A wonderful blend of history, art and fiction, this film has the best credentials to take away all the major awards.

Subhash K Jha


The Darkest Hour never quite expels  the  feeling of being a vehicle for Oldman’s virtuosity. Yes, he was born to play Churchill. But was Churchill born so that an actor as skilled as Oldman  could one day play him ?


Gary Oldman's performance as Winston Chirchill is undeniably entertaining...

Uday Bhatia


Oldman’s Churchill is a terrific imitation, and will probably get him his first Oscar, though I’ll probably remember him as the sphinx in Tinker Tailor Soldier Spy or the punk in Sid and Nancy. As for Wright, I’d take the unbroken five-minute tracking shot along the beach at Dunkirk in his Atonement over the rousing flatteries of Darkest Hour.

Reviewer Profile
Fully Hyderabad


While the movie is competently made, its core intent appears to be to get a legendary actor his long-overdue Oscar and the film might be remembered only as "that film that won Oldman an Oscar" and not much else. You'll remember the poignancy of the "We will fight them at the beaches" speech at the end of Dunkirk more than the elation the same speech tries to induce at the end of this movie.

Gary Oldman ceases to exist with his powerful performance as the former English Prime Minister...

Audience Reviews for Darkest Hour

  • Shashwat Sisodia
    Shashwat Sisodia
    300 reviews
    Top Reviewer

    Gary Oldman-starrer 'The Darkest Hour', a conspicuously made Winston Churchill biographical, is technically stupendous an achievement. As many critics have agreed, it'd be nice to watch it with 'Dunkirk' for a simultaneous pleasure. But then, despite being so beautifully made these films, and finely acted here by Oldman, it just remains a Dunkirk- well a thing to look at, but not essential viewing. I'd pick the Claire-Foy starrer "The Crown Season 1" and recommend it if you want to watch Oldman's Churchill in a better filmmaking-set piece.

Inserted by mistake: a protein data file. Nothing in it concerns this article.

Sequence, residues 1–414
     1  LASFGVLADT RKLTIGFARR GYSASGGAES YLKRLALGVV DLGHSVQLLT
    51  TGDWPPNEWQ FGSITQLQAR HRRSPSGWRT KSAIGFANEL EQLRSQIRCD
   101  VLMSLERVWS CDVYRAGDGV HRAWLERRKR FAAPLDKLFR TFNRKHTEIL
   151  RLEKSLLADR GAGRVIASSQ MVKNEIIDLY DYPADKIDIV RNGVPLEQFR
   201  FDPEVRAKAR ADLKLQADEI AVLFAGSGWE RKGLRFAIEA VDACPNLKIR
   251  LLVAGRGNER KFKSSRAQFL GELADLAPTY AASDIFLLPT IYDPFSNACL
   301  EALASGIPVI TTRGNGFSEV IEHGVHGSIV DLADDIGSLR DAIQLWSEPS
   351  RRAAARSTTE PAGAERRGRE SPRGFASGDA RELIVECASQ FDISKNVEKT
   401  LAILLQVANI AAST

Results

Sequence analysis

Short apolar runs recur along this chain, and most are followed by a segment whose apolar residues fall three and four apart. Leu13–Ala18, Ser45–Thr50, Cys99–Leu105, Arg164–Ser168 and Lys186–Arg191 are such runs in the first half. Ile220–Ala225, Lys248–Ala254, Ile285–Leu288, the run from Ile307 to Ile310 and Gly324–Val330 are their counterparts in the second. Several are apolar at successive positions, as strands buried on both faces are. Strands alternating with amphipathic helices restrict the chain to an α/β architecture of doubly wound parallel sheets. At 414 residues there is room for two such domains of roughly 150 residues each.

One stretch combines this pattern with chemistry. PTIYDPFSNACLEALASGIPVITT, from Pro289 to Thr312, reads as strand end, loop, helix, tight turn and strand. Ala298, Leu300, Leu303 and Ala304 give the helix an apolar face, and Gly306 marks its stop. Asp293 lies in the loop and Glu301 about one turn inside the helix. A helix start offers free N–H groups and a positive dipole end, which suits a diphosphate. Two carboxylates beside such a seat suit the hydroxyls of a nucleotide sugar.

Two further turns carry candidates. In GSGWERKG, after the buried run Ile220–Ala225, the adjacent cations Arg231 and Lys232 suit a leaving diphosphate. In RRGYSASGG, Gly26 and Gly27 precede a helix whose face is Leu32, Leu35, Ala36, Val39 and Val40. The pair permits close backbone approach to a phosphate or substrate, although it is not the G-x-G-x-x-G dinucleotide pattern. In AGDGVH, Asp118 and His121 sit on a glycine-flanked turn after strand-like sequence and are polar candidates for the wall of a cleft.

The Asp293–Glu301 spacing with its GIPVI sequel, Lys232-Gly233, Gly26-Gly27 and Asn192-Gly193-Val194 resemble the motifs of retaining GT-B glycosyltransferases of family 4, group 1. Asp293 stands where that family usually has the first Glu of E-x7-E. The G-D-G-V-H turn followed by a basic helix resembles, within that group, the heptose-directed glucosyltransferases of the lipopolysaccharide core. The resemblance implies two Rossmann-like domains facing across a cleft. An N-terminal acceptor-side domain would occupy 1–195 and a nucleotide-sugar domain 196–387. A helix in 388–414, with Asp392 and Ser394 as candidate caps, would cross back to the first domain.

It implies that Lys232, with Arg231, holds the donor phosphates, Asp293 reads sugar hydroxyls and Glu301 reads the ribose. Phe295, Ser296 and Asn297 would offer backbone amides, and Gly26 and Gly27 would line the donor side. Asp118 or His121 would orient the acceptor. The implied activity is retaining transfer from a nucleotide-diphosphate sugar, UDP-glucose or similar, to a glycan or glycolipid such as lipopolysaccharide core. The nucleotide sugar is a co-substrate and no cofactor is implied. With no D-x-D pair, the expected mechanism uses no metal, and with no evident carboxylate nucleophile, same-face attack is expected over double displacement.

It's a flawed film, but it's still worth a watch if only to look at the shining assault it'll do to your eyes, sprinkling nothing but simplistic narrative arcs here and there. But I'd suggest to skip it if you are a fan of period drama. It's more politics, even boring at times.

    April 03, 20
  • Tejas Nair
    Tejas Nair
    258 reviews
    Top Reviewer

    There's a scene in director Joe Wright's Darkest Hour where Winston Churchill (Gary Oldman) travels by the tube and mingles with the citizens of his country. As he walks into the Underground, it feels like any other peculiar scene from the film, but then he finds himself inside a tube car with people around him, standing awestruck and in adoration and respect. I was sitting here in my chair with the same feeling as Oldman's Churchill begins talking while his team is discussing an important treaty in other part of the city. There is no doubt that Darkest Hour is an intelligent drama made with enough doses of humor, politics, and embellishments that usually make up a World War II film, but what works for it is the perfect coagulation of all the ingredients. Watching Darkest Hour is like drinking a gallon of water in the middle of a night. The pleasure that you derive from it - be it from Oldman's terrifically nuanced performance or Dario Marianelli's exhilarating score - will have at least a full-day effect on you. It is a 'slice of history' film made in a way to appease its audience, and I, for one, am thoroughly impressed. It's an energetic affair that will make you get up from your chair, rush to the street, and dance like you have just won a war. TN.

    July 28, 18